A Review of the Best and Worst Bourbon Beers


One of the things I love about the internet is how it never lets a meme die. Even after millions of iterations of advice animals, someone out there still looks at a picture of cat wearing a tie and thinks “There’s GOT to be a few thousand highly derivative jokes to be made with this.”

businesscatBusiness Cat thinks outside the litterbox

However, I have reached my own personal saturation point on the bacon meme. Not that you’ll ever hear me disparage that sublime wafer of porkiness, but when shit like this becomes marketable things have clearly gone awry:

lubeLuckily no pork products are in this so vagina still keeps kosher

Since no one has managed to drive the wheels off this meme, I think my only option for snuffing it out is to replace it with something better. That will be no small feat. To have a meme resonate the way baconlust does, it will have to speak to people on the same primal level. It will probably have to borrow from bacon’s playbook by being equally delicious, pungent and perfect with breakfast. Only one other thing matches that description to me:


If you thought it was fun and exciting to smother different dishes with bacon, you’re going to love my “Better With Bourbon” meme. I’m a huge fan of all things whisky and I’m not afraid to say it no matter how many times it gets me pulled over.


I guess the real question is if things are actually better with bourbon. I don’t see how it couldn’t be true, but I’m gonna get all Iron Chef up in this bitch to prove it.

Experiment #1: Pancakes with bourbon


I thought about warming up the bourbon to mock it up as fancy syrup, but it turns out that the burn from the alcohol itself does the work for the microwave.

This dish actually smelled pretty familiar with notes of vanilla and caramel mocking up the sweetness you’d get from syrup, but that’s where this experiment fell apart. It tasted like a rum cake, if you could swap the rum for whisky and forsake the flour, butter, and sugar as well.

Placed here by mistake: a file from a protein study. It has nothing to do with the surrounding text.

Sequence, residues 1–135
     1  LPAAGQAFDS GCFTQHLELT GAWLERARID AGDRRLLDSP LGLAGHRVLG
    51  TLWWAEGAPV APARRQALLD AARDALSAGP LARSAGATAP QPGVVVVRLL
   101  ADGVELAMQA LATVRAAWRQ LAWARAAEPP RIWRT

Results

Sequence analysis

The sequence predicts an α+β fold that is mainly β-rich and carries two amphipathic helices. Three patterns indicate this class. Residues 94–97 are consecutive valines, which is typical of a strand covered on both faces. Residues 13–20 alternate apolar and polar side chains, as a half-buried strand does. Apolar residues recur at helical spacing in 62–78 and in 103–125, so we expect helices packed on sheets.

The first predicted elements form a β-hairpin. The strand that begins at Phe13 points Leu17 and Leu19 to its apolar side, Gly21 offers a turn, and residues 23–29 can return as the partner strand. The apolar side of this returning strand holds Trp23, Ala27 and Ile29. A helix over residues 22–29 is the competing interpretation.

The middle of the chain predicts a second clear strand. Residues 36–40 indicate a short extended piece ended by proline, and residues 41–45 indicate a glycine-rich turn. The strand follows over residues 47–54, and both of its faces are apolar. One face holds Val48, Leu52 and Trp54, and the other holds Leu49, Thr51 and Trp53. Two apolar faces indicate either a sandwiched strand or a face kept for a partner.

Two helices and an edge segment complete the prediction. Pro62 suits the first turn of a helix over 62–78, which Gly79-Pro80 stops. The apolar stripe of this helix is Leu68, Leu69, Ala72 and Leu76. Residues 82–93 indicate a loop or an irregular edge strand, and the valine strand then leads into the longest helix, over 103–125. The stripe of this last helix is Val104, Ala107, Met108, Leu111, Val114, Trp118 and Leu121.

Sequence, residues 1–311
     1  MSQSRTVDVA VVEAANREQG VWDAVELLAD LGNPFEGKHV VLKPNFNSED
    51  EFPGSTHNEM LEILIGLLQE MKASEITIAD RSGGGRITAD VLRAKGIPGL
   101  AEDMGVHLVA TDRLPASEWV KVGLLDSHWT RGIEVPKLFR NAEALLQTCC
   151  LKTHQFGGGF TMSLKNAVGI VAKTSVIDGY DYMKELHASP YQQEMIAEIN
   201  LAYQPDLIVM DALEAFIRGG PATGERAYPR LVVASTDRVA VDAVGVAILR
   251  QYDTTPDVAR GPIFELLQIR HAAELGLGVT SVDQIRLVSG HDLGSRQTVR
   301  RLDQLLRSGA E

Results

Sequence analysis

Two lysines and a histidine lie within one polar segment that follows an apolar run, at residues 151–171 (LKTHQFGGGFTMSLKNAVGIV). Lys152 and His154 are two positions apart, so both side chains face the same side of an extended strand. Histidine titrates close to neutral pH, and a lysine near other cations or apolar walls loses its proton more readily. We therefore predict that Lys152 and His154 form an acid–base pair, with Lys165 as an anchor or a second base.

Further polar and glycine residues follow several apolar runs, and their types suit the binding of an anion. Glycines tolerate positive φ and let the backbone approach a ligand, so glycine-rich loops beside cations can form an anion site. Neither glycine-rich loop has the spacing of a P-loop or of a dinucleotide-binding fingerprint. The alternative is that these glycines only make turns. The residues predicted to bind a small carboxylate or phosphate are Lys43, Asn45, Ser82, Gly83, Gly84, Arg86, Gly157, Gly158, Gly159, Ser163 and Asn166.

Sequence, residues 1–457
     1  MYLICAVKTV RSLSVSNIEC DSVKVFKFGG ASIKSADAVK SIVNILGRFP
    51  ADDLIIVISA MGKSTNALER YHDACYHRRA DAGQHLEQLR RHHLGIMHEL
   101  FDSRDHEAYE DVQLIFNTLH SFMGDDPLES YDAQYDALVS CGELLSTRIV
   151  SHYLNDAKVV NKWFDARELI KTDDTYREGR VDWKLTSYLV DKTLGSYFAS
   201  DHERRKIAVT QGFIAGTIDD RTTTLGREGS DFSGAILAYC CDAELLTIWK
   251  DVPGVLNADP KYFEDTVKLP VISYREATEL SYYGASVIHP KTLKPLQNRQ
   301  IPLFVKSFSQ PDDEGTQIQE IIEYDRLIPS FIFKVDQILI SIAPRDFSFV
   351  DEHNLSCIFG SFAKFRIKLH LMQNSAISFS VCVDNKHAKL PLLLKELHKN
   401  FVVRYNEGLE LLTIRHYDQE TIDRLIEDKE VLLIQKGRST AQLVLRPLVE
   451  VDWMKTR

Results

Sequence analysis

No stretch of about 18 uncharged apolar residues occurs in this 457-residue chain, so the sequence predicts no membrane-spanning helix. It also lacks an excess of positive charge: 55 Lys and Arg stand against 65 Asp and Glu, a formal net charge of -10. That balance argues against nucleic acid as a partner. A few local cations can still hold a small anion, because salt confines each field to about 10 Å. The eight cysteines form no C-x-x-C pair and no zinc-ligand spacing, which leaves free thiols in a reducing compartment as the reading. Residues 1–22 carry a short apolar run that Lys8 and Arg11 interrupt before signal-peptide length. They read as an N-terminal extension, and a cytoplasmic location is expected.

Yeah, it was kind of a turd. Still, it would be an ingenious way to sneak a shot into your morning meal.

Experiment #2: Select roast beef and aged irish cheddar with fresh heirloom tomatoes, organic lettuce, and a light dijon mustard on an artisan french bread roll. And bourbon.


As any sub consumer that has endured the slapdash application of oil and vinegar can relate, there are few things more infuriating than a soggy sandwich. Were I to just dump bourbon on the sandwich it would probably fall apart (though arguably be far more “finger lickin good” than any bucket of chicken). In order to abate that, I used the bourbon as a jus on the side. It’s a little invention I call the Kentucky Dip sandwich, not to be mistaken with other Kentucky sandwiches made with chewing tobacco.

I have to say this was thoroughly not terrible. It didn’t approach “good” in any traditional metric, but the roast beef actually plays off the bourbon like a lightly caramelized (and highly alcoholic) onion.

As a side benefit, whatever “dipping sauce” that remains works out to be a roast beef flavored bourbon, which is pretty good once you get past the sandwich detritus.


Experiment #3: Bourbon with bourbon

This one was PERFECT.

Clearly bourbon is not the culinary powerhouse that bacon is, but it is not without its own charms. I think that is sufficient enough justification to bring this full-circle and see how beer does with bourbon.

John Henry 3 Lick Spiker Ale (9.1% ABV) Cold Spring Brewing Company


This unusual beer’s namesake is from American folklore. The tall tale describes the efforts of an African American railroad laborer to best a mechanical contraption purporting to do his work more effectively. It’s a tremendous story of grit and determination celebrated by everyone that likes it when robots kill black people.

This dark ale is aged on wood chips from a bourbon barrel, which drives most of the experience. The nose has a ton of wood and an astringent note that evokes rubbing alcohol more than bourbon. It maintains a full, prickly mouthfeel often absent in barrel aged beers that have lost some of their carbonation.

The wood is present in the flavor as well and is slightly bolstered by the roasty stout flavors. The finish is an odd amalgamation of must, pine, and alcohol that provides more character than enjoyment.

Ultimately, this tastes like a mild stout with a hint of woodiness and booze character to it. There’s nothing fundamentally wrong with it, but I can’t help but feel this combination missed its chance to be incredible.

Grade: B-

Curieux (11% ABV) Allagash Brewery

Allagash_CurieuxThis hazy ale has a dull amber coloration and a velvety, thin head. It smells like oak, Babcock peaches, and alcohol.

This beer is pretty remarkable. Imagine a Belgian tripel with a stunning array of orange peel, clove, soap, and pepper flavors. Now imagine that beer getting brained by a 1.5 liter bottle of Bulleit in a savage bar fight. That’s what this tastes like. It’s a big wallop of nicely attenuated bourbon with an undercurrent of unusual and spicy Belgian ale flavors.

The bold flavors of this means that it won’t be appreciated by everyone. It’s really just targeted to people with awesome taste that don’t suck donkey balls.

Grade: A